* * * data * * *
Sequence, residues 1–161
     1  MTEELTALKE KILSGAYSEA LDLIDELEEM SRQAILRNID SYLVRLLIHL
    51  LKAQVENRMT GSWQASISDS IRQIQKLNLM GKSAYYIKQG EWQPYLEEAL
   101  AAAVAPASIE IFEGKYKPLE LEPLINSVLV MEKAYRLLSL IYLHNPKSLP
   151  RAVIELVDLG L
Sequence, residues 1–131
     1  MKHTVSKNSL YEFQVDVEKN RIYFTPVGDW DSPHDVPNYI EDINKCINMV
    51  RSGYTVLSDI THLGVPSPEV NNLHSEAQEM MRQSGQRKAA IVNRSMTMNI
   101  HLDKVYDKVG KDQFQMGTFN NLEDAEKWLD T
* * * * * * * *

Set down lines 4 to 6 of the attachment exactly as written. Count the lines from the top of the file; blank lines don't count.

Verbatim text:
   101  AAAVAPASIE IFEGKYKPLE LEPLINSVLV MEKAYRLLSL IYLHNPKSLP
   151  RAVIELVDLG L
Sequence, residues 1–131